“Posibleng madamay ang kaniyang anak na nakapangalan sa DTI, (His son might be implicated because of the registered name in the DTI,)” the official added.
The manufacturer who is based in San Juan, Batangas has already ordered a recall of the lambanog from all its traders.
The supplier will face charges of negligence resulting in multiple homicide and multiple physical injuries.
A similar case of lambanog poisoning was reported in December 2018 where 10 persons died in Laguna, Quezon and Bulacan.
The FDA, meanwhile, advises the public to exercise extreme caution in purchasing and consuming unregistered alcoholic beverages.
As of press time, only 14 brands of lambanog have certification from FDA.
“Retail outlets, and other dealers of alcoholic beverages, are warned against the sale of unregistered products which is a violation of the FDA Act of 2009 and the Food Safety Act of 2013,” the agency said – MNP (with inputs fro Sherwin Culubong)
MANILA, Philippines — The Food and Drugs Administration (FDA) has warned online shops that sell medicines and put prescription drugs on sale, especially this holiday season.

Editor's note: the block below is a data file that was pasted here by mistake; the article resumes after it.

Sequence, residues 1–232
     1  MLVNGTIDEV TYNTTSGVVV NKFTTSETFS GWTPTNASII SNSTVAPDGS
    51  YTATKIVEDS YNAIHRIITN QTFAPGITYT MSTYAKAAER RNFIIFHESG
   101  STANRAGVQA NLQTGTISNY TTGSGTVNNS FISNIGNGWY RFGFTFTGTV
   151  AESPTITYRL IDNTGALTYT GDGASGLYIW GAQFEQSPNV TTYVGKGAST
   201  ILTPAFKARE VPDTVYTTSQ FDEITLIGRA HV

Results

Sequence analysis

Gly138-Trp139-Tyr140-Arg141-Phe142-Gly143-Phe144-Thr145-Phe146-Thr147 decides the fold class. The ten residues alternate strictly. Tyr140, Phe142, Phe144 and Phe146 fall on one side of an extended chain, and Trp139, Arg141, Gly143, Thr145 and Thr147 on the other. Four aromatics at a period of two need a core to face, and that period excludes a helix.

DOH spokesperson and FDA officer-in-charge Usec. Eric Domingo said that the agency has already penalized three online selling platforms for such infraction.
“It’s very rampant. At itong ibang na fine natin nakita na natin yan. Winarningan na natin. Tapos mawawala ng dalawa, tatlong araw iyong mga produkto tapos after a while babalik na naman. And then we have to remind them again na bawal. And we urge them na that they have to police their own ranks,” Domingo said.
The official also advised pharmacies to apply for separate license to operate and certificate of product registration from the FDA should they decide to also venture into online selling.
“Unang – una ang ating mga drug stores allowed lang kayo to sell the products within the premises of the store. Kung gusto niyong tumanggap ng online orders you can apply for it as an extra activity with the FDA. But even then, may limitations iyon,” he added.
Domingo said the limitation is basically applicable to prescription medicines.
“Maaring mag- online, mag-order online ng isang kliyente nila pero kapag kukunin na iyong gamot kailangan pa rin niyang kunin sa pharmacy kung saan naka- store nang tama at ma- check ang reseta bago ibigay sa kaniya,” the official explained.
The FDA is still verifying several reports against online shops that openly sell medicines at a much cheaper price.
They shall be meted out with fines and corresponding charges. — (from the report of Aiko Miguel) /mbmf